Suffix stripping algorithms are sometimes regarded as crude given the poor performance when dealing with exceptional relations. The solutions produced by suffix stripping algorithms are limited to those lexical categories which have well known suffixes with few exceptions. This, however, is a problem. Lemmatisation attempts to improve upon this challenge. Prefix stripping may be implemented. Of course, not all languages use suffixing. Suffix stripping algorithms may differ in results for a variety of reasons. One such reason is whether the algorithm constrains whether the output word must be a real word in the given language; some approaches do not require the word to exist in the language lexicon. Alternatively, some suffix stripping approaches maintain a database of all known morphological word roots that exist as real words; these approaches check the list for the existence of the term prior to making a decision. If the term does not exist, alternate action is taken; this alternate action may involve several other criteria.

The non-existence of an output term may serve to cause the algor

5th Battalion 52d Air Defense Artillery (United States)

The 5th Battalion, 52nd Air Defense Artillery Regiment is an air defense artillery battalion in the United States Army based at Fort Bliss, Texas. Known as "five-five-deuce," the battalion motto is "Always Prepared" The former motto was "We Build Warriors"; the battalion is part of 11th Air Defense Artillery Brigade and the 32nd Army Air & Missile Defense Command. The battalion consists of a headquarters and headquarters battery, four Patriot missile batteries and a maintenance company; each battery has six Patriot missile launchers in accordance with the Patriot PAC-3 configuration. The battalion was split into three separate groups during Operation Iraqi Freedom. Batteries A, B, E, along with the 507th Maintenance Company and HHB, 5-52d ADA, were assigned to 31st Air Defense Artillery Brigade, under Colonel Heidi Brown, the first female Patriot brigade commander, to provide air defense coverage for Coalition forces entering Iraq. Alpha, Echo, HHB batteries were provided security by the Companies A and C of the 3d Battalion, 124th Infantry Regiment from Kuwait to Baghdad.

Batteries C and D were assigned to 32d AAMDC to provide air defense coverage for Kuwait. Battery D, 5-52d ADA shot down the first Scud launched by Iraqi forces during the opening days of the invasion. Battery C, 5-52d ADA ended the war with the highest number of intercepted missiles totaling 3, battery C shot down a British Tornado aircraft. During the invasion, Battery E was bombed by friendly aircraft outside of FARP shell, which created a 30-by-30-foot hole and damaged the radar system. A few days Battery E fired two PAC-3 missiles and shot down U. S. Navy F-18 pilot Nathan White outside of the Karbala, he was found dead in one of the few lakes in Iraq. This friendly fire incident sidelined Battery E, allowing Batteries A and B, 5-52d ADA to be the first Patriot batteries in Baghdad, with Battery B preceding Battery A by a few hours; the 507th Maintenance Company was ambushed during the rapid advance towards Baghdad. The unit made a wrong turn into Nasiriyah, northwest of Basra; the mistake was due to lack of rest, limited communications and human error according to a U.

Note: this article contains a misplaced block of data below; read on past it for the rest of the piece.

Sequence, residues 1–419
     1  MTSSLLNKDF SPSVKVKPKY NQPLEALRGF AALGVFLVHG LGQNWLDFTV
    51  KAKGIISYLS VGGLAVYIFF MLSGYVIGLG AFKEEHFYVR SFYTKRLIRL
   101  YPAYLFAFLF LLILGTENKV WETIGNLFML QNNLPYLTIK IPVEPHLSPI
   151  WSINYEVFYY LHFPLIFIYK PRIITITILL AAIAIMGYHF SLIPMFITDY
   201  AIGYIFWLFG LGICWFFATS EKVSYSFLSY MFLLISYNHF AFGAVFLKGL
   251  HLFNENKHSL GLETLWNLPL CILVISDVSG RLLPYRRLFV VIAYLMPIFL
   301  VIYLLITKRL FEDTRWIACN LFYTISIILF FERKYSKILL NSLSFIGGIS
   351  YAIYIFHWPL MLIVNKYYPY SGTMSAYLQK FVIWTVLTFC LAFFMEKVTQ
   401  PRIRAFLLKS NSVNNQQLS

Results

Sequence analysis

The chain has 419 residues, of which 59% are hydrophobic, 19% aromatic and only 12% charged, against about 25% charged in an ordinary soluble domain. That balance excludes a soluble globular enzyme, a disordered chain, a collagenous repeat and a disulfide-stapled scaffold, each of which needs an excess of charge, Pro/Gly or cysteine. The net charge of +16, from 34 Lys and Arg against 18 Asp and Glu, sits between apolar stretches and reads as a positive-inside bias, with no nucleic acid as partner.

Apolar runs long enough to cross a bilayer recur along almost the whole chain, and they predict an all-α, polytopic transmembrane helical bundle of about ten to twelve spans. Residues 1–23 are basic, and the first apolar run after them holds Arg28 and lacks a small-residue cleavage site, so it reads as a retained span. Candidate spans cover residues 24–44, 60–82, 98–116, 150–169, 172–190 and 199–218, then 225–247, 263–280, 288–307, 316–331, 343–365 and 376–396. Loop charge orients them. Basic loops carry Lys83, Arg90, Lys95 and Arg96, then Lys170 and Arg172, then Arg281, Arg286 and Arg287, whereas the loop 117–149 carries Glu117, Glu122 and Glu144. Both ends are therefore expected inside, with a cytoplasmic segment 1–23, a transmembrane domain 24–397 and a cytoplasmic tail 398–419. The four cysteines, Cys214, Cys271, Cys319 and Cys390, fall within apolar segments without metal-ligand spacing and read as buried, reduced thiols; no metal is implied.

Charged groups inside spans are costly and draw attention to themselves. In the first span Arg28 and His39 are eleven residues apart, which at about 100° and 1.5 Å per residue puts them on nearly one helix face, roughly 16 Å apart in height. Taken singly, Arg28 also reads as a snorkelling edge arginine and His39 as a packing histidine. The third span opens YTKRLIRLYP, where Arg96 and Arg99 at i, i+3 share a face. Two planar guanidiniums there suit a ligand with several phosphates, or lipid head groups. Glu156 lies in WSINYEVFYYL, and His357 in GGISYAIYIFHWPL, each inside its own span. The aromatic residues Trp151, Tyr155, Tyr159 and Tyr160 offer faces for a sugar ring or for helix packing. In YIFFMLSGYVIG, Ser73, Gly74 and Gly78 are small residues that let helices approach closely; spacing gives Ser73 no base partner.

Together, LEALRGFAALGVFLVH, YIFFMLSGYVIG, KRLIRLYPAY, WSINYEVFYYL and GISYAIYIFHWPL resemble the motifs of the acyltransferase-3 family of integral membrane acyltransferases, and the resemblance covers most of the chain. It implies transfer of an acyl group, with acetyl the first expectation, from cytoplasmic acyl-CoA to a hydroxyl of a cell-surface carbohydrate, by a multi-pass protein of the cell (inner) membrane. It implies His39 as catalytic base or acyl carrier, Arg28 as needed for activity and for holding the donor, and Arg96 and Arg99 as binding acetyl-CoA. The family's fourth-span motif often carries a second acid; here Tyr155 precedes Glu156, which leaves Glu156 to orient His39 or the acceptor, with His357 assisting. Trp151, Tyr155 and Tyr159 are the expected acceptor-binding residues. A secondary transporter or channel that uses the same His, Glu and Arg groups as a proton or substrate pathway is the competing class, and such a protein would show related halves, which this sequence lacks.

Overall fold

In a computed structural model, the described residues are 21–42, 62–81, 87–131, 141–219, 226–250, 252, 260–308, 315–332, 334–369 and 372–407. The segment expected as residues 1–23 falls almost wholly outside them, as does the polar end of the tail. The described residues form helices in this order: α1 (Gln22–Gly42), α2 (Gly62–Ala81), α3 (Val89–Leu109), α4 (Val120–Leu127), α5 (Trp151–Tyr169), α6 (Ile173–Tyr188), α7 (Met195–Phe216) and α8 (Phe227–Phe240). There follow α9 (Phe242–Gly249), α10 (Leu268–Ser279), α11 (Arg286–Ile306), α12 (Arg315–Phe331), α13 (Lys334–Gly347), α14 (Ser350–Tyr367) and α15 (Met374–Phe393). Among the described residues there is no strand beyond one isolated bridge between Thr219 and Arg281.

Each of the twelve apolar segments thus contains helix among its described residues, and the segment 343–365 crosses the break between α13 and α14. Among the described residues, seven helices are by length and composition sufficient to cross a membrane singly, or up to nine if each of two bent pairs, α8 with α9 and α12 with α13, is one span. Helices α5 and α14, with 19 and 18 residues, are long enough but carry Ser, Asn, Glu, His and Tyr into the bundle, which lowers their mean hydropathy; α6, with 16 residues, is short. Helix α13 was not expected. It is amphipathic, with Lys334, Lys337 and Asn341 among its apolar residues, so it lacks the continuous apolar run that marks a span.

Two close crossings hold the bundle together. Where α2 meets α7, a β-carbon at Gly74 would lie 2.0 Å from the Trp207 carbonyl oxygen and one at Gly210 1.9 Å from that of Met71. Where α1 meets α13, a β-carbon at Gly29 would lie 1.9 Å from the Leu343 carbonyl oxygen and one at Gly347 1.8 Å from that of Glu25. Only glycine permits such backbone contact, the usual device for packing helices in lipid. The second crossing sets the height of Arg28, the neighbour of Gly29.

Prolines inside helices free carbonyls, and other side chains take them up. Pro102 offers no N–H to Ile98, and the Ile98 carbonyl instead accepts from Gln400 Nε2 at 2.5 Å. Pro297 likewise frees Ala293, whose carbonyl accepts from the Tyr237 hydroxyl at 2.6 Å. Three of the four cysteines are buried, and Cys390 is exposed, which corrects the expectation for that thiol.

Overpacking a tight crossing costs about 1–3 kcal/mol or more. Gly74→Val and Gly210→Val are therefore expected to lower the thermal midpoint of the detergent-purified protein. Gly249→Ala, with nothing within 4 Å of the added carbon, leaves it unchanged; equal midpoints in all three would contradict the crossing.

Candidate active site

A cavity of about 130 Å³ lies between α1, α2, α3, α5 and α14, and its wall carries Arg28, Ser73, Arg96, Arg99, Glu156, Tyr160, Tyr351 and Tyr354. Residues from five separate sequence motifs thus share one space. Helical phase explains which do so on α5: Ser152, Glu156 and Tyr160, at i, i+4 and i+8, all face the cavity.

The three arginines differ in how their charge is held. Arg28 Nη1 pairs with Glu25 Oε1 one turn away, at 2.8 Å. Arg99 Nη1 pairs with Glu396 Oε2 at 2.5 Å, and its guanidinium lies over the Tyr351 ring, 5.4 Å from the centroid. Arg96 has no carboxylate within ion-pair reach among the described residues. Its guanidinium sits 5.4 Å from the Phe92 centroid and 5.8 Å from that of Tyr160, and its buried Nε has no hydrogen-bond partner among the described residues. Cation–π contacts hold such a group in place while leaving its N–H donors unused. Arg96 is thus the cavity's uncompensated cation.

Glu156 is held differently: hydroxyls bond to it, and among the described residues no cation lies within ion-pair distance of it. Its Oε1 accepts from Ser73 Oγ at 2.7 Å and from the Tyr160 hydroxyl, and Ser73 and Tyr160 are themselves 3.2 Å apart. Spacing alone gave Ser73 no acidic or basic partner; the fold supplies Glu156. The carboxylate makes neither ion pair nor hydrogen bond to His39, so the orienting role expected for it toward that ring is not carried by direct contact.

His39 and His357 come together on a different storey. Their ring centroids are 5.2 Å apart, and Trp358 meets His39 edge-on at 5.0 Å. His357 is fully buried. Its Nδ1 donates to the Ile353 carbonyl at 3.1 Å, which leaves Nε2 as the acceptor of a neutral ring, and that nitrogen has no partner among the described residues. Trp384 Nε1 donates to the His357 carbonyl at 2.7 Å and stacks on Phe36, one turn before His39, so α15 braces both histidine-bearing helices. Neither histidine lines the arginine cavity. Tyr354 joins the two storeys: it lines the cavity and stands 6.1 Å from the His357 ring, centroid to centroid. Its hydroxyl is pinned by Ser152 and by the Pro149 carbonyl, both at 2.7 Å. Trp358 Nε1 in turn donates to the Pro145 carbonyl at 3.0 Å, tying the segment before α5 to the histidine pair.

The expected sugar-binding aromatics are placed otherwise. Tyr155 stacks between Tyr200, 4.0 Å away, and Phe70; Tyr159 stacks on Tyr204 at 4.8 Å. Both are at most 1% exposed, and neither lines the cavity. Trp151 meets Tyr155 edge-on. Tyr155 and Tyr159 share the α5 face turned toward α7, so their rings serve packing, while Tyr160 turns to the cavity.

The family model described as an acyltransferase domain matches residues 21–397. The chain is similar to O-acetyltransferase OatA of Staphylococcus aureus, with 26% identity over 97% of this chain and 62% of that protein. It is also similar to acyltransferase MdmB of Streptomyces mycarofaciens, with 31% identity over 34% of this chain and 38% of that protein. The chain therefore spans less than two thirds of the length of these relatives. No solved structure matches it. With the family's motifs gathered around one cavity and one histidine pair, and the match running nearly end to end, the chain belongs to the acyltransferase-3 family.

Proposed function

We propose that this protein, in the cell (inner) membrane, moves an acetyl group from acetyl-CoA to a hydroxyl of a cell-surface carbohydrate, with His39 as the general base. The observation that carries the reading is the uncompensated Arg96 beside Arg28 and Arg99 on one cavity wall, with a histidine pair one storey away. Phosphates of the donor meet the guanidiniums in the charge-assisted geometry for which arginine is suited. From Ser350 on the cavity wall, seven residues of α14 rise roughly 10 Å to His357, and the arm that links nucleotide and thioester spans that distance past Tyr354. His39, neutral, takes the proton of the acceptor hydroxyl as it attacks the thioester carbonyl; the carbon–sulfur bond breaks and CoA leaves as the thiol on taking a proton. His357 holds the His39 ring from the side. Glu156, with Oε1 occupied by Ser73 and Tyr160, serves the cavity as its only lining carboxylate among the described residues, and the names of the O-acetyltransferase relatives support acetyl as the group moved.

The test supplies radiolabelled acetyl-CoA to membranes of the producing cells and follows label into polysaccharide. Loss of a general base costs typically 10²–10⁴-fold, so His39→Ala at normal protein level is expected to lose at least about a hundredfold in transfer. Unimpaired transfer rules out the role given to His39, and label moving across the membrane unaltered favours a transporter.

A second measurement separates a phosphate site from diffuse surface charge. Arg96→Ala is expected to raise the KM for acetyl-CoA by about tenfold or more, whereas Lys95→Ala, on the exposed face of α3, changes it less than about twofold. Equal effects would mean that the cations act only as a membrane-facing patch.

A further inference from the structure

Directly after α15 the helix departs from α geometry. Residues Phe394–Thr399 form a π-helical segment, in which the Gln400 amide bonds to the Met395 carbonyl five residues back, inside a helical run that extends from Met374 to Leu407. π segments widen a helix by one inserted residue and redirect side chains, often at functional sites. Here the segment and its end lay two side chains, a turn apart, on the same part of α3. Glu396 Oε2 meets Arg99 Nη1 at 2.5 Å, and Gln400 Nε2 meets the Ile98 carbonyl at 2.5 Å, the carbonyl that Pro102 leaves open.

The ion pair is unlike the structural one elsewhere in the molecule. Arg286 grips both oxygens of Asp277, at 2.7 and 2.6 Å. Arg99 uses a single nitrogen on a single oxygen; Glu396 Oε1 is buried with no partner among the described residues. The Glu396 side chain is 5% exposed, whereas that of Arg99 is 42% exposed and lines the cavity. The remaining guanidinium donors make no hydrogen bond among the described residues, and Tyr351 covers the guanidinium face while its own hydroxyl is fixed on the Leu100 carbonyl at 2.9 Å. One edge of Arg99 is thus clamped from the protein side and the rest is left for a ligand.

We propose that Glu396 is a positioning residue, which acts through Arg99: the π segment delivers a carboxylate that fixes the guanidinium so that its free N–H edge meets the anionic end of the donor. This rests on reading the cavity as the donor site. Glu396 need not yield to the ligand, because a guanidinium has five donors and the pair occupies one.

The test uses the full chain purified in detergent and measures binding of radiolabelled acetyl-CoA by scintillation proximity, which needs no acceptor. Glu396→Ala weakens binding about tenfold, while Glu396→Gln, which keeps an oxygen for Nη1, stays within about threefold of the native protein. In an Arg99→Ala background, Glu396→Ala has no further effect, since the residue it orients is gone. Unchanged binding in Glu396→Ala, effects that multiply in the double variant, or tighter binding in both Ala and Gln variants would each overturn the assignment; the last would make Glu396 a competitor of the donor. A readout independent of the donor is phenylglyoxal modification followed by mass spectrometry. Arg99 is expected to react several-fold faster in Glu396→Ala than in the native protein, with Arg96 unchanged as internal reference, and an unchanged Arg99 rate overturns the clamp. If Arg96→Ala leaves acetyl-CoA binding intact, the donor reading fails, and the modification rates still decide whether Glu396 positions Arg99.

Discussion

S. Army investigation. Several soldiers were killed and six were held as prisoners of war. Prior to invasion, 5-52d ADA had never conducted a bounding movement exercise to the extent Operation Iraqi Freedom required. In the summer of 2005, the 507th was inactivated and reflagged as Company E, 5-52d ADA, reflagged again as Company F when the battalion received an Avenger battery that became Battery E, 5-52d ADA, during an Army-wide reorganization of Patriot battalions. Organized 6 July 1916 in the Regular Army at Fort Washington, Maryland, as the 1st Company, Fort Washington Reorganized and redesignated 6 July 1917 as Battery I, 8th Provisional Regiment, Coast Artillery Corps Reorganized and redesignated 5 February 1918 as Battery I, 53d Artillery Redesignated 15 July 1918 as Battery E, 52d Artillery Inactivated 16 May 1921 at Fort Eustis, Virginia Activated 18 August 1921 at Fort Eustis, Virginia Redesignated 1 July 1924 as Battery E, 52nd Coast Artillery Reorganized and redesignated 1 May 1943 as Battery A, 285th Coast Artillery Battalion Inactivated 5 May 1944 at Camp Breckinridge, Kentucky Disbanded 14 June 1944 Reconstituted 28 June 1950 in the Regular Army, consolidated with Battery A, 52d Field Artillery Battalion, consolidated unit designated as Battery A, 52d Field Artillery Battalion, an element of the 24th Infantry Division Inactivated 5 June 1958 and relieved from assignment to the 24th Infantry Division Withdrawn 18 May 1959 from the Regular Army and allotted to the Army Reserve.